The first alleged victim called 911 at about 12:35 a.m. on Dec. 8 from West Collins Street and reported she had been assaulted, according to the police report.
Pagan said in the motion that Jackson should receive two trials pertaining to charges in alleged crimes involving each victim, because a jury could be prejudged by hearing evidence about one incident when weighing a verdict in the other incident.
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“While it might be convenient for the state to try all charges against Jackson in a single trial, convenience does not overcome his right to a fair trial. Other acts evidence would impermissibly find its way to the record if multiple complaining witnesses testify against Jackson in a single trial and thus create substantial risk of prejudice,” Pagan wrote in the motion.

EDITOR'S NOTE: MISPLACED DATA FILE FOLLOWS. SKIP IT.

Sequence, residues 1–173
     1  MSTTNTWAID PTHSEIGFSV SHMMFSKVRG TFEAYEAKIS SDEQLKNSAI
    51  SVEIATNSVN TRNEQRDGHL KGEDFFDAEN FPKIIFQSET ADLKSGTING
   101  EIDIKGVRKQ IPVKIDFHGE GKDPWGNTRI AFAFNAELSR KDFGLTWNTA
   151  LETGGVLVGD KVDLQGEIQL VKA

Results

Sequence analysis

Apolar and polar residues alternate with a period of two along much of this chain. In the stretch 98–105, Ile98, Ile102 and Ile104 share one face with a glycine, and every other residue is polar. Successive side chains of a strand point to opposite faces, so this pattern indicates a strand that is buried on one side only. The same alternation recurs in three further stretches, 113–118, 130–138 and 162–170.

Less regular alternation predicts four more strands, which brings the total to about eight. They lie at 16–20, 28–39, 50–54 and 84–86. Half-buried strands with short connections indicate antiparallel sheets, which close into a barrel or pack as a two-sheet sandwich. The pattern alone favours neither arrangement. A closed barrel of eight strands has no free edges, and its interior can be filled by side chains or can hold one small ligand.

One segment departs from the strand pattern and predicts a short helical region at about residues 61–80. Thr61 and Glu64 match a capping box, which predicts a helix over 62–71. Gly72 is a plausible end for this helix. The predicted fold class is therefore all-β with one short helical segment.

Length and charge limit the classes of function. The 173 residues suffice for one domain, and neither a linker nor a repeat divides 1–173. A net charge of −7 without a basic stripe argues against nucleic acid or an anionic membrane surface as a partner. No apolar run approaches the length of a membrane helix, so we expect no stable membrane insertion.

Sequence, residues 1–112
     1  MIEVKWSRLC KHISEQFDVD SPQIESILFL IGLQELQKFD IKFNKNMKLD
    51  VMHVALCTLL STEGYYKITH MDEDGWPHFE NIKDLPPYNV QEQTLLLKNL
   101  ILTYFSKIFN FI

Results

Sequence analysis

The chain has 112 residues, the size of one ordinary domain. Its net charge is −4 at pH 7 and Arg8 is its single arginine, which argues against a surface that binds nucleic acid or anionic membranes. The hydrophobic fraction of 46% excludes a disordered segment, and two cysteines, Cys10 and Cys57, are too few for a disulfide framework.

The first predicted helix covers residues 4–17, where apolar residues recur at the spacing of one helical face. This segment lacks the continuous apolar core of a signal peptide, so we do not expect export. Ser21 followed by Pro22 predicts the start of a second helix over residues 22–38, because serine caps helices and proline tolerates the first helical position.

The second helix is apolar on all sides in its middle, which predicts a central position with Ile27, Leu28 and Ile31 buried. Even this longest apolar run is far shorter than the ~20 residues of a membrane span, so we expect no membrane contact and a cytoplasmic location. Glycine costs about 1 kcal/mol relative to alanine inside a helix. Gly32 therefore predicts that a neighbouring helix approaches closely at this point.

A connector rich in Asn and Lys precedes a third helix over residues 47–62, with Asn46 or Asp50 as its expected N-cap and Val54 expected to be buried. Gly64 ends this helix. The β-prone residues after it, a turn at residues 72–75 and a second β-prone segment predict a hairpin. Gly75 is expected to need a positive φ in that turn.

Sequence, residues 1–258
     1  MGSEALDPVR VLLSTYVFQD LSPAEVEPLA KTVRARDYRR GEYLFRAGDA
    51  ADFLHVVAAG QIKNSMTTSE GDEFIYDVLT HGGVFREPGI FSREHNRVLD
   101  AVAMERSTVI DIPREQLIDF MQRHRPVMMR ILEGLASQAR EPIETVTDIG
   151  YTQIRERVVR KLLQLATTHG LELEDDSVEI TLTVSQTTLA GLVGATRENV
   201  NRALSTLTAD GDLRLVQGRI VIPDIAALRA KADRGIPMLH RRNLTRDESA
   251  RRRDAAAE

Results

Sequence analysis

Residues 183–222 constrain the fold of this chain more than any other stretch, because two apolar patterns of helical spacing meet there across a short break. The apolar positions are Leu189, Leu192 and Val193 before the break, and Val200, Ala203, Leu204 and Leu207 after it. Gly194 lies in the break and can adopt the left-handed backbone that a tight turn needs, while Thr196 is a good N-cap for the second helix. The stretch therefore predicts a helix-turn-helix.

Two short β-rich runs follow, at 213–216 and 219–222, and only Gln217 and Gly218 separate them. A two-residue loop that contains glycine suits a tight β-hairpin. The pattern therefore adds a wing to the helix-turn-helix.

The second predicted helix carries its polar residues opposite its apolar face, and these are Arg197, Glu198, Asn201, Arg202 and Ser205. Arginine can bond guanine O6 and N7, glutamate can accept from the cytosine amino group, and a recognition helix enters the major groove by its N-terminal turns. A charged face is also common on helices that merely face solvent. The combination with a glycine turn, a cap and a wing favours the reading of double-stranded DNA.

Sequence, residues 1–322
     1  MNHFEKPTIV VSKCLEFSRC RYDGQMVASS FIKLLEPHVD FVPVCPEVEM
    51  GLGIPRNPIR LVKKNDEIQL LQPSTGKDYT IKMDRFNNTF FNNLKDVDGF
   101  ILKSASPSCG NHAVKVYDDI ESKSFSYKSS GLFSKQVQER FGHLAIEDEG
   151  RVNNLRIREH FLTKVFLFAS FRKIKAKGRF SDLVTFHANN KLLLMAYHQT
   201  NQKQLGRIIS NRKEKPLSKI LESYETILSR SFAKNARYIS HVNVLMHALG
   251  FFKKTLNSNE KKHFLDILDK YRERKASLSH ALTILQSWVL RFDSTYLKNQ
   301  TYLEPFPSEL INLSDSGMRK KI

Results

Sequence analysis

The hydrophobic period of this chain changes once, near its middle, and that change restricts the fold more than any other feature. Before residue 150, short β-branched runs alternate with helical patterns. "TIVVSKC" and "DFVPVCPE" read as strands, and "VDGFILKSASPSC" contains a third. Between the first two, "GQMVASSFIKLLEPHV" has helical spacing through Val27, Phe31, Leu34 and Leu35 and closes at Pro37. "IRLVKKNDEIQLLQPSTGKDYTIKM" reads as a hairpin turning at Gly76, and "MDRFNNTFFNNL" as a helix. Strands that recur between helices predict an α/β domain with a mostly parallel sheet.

Pagan also argued in a second motion that physical evidence taken by police was seized from Jackson’s Suburban without a warrant prior to his arrest and should not be permitted at trial.
Jackson is free on bond, but that was challenged last month when prosecutors filed a motion indicating he may have violated the terms of his release. Spaeth found that he had not violated the terms of his bond but placed additional restrictions on his release, including requiring Jackson to be on house arrest at his parents’ home.
Jackson’s trial is set for April 30.
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